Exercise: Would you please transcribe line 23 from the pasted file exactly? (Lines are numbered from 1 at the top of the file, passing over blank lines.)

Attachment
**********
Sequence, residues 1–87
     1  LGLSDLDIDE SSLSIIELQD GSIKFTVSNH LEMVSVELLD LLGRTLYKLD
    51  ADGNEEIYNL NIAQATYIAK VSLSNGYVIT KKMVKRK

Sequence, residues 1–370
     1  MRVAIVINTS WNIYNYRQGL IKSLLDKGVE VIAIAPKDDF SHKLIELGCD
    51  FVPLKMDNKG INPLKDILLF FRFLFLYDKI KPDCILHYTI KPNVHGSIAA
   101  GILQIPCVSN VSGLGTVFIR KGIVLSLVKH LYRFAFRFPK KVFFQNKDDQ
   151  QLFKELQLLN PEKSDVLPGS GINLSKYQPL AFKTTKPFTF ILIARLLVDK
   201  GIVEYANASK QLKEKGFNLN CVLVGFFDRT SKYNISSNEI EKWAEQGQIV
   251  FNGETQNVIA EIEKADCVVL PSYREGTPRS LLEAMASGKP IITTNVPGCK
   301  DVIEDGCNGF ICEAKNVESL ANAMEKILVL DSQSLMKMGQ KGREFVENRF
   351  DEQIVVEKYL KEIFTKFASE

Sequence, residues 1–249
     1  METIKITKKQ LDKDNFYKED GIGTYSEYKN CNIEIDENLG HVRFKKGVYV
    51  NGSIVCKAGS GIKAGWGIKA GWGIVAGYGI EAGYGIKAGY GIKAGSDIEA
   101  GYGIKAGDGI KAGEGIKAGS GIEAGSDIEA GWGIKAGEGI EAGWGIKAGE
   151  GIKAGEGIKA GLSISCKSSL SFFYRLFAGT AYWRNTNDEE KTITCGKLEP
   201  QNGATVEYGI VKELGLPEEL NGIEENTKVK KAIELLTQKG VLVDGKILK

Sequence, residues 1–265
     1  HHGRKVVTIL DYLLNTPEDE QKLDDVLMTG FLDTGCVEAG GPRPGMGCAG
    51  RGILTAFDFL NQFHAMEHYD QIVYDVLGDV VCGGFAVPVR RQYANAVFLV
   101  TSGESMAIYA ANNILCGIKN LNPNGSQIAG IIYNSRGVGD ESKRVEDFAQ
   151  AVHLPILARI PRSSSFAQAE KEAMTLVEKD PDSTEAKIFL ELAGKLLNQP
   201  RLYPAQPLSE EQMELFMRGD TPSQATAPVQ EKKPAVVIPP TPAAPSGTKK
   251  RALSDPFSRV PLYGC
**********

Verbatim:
   151  AVHLPILARI PRSSSFAQAE KEAMTLVEKD PDSTEAKIFL ELAGKLLNQP